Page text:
My Favorite Film: Breaking Down the Creative Elements

As someone with a reputation for being a “movie buff” (probably thanks to my involvement with the Footcandle Film Society and the annual Footcandle Film Festival, being a member of the North Carolina Film Critics Association, and the fact that the staff at the local AMC Theater know me on a first-name basis), I get asked on a regular basis what my all-time favorite movie is.

My answer is always the same:  Orson Welles’ CITIZEN KANE, released in 1941.

Orson Welles in Citizen Kane

This choice is seen by many as uninspired as the film has become something of a cliche in the years since its release.  However, I can say with absolute certainty that my serious love of film started upon a screening of CITIZEN KANE during one of my film studies classes in college.  And despite being close to 80 years old, it has created the blueprint and standard for many films that follow.  In fact, I find myself using it as an inspiration when working on creative projects for our clients.

Here are some of my favorite aspects of the film:

Rosebud.  The most famous word in the history of cinema, “Rosebud” became a cultural touchstone in storytelling as it explained everything in the film while also explaining absolutely nothing.  Since it’s release, we have seen many film writers use a “macguffin” — an object or event that may seem necessary to the plot but ends up being insignificant in itself — and I have a hard time believing many of them were not inspired by Mr. Welles.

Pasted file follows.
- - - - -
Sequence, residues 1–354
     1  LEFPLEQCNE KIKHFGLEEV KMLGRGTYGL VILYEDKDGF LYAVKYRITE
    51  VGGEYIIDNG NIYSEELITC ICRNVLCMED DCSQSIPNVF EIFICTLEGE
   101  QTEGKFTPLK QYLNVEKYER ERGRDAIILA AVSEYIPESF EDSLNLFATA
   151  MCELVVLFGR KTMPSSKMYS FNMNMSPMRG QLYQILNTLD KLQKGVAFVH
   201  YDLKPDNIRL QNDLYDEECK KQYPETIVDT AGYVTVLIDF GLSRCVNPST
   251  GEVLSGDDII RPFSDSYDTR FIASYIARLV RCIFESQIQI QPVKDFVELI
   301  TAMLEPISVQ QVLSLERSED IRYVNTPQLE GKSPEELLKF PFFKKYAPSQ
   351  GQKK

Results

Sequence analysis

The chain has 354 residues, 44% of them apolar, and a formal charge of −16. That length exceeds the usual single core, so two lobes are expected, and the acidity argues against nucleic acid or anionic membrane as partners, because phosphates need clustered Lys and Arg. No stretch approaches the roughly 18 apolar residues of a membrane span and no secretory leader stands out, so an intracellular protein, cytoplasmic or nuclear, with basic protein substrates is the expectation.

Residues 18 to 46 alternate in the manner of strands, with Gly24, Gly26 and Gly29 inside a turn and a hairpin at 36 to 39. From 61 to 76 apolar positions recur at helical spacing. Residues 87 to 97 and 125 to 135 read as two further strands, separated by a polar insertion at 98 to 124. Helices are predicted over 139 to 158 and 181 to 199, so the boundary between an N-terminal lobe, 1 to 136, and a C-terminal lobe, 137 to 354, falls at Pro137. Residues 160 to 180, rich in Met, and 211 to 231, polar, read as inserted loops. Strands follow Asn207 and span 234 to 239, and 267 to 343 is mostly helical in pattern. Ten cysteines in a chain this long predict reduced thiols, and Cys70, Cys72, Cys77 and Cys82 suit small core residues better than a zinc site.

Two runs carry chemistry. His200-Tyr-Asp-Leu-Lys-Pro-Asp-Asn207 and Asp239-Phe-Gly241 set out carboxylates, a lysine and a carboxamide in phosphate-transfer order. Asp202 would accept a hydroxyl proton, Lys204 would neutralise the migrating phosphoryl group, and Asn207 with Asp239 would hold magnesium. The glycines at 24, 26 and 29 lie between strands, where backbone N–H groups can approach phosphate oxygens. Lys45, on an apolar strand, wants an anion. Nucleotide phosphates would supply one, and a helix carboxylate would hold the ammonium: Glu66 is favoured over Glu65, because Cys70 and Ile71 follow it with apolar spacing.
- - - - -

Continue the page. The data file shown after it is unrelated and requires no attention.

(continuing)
Shadows.  When you watch CITIZEN KANE, pay close attention to the use of shadows in almost every key scene.  Some characters are kept intentionally in shadows throughout the film, while others have shadows fall upon them during moments of weakness or oppression.

Deep focus.  In most movie scenes, the key elements are in focus while those closer or further away are not.  This is meant to draw your attention to one particular item in the frame.  However, CITIZEN KANE made early use of “deep focus” where everything in the frame was in focus at the same time.  This effect allowed Welles and cinematographer Gregg Toland to help you see the entire scene as important and not just one character or item.

Optical illusions.  Welles and Toland played with the audience’s eyes in at least two occasions.  Thanks to the deep focus effect, you are led to believe that the windows in the back of the room are of normal size and height.  However, as Charles Foster Kane walks towards them – staying in focus the whole time – you realize the windows are huge.  The same thing happens at a fireplace in the Xanadu palace; we realize during the course of a scene that this fireplace is enormous and is a great example of the excess Kane has surrounded himself with.

There are many other aspects that I could speak to — such as the use of matte drawings, scene transitions, and filming angles — that help to make the case for CITIZEN KANE being one of the most ground-breaking and creative films ever made.  

Anytime we face a challenge in our own Jackson Creative projects, I am reminded of the fact that this 80-year-old film made its own bold choices and used — at the time — limited resources available at the time to create a timeless masterpiece.

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